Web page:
She was full professor of astronomy at the University of Trieste from 1964 to the 1st of November 1992, when Hack was placed “out of role” for seniority. She has been the first Italian woman to administrate the Trieste Astronomical Observatory from 1964 to 1987, bringing it to international fame.
Member of the most prestigious physics and astronomy associations, Margherita Hack was also director of the Astronomy Department at the University of Trieste from 1985 to 1991 and from 1994 to 1997. She was a member of the Accademia Nazionale dei Lincei (national member in the class of mathematical physics and natural sciences; second category: astronomy, geodesic, geophysics and applications; section A: astronomy and applications). She worked at many American and European observatories and was for a long time, a member of working groups of ESA and NASA. In Italy, with an intensive promotional work, she obtained the growth of activity of the astronomical community with access to several satellites, reaching a notoriety of international level.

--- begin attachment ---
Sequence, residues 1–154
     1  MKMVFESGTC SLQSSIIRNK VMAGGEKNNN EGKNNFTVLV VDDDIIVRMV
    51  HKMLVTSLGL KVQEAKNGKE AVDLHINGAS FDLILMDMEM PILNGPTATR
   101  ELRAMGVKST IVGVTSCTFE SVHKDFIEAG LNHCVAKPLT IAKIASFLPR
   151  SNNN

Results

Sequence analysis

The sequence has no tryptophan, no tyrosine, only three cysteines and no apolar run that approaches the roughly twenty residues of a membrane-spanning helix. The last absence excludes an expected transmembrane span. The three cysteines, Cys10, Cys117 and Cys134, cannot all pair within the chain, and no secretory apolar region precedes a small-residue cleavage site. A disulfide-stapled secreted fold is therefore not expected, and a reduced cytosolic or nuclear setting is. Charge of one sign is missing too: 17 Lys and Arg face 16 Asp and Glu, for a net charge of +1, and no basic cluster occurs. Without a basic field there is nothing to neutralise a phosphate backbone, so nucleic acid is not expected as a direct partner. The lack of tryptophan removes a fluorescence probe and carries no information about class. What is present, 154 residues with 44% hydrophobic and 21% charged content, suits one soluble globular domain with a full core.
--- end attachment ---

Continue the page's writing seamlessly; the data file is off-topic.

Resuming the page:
Hack has published several original papers in international journals and several books both of popular science and university level. In 1994, she was awarded with the Targa Giuseppe Piazzi for the scientific research, and in 1995 with the Cortina Ulisse Prize for scientific dissemination.
In 1978, Margherita Hack founded the bimonthly magazine L’Astronomia whose first issue came out in November 1979. Later, together with Corrado Lamberti, she directed the magazine of popular science and astronomy culture Le Stelle.
Social and political activity
Margherita Hack was also known for her activities outside of science, especially in the social and political fields.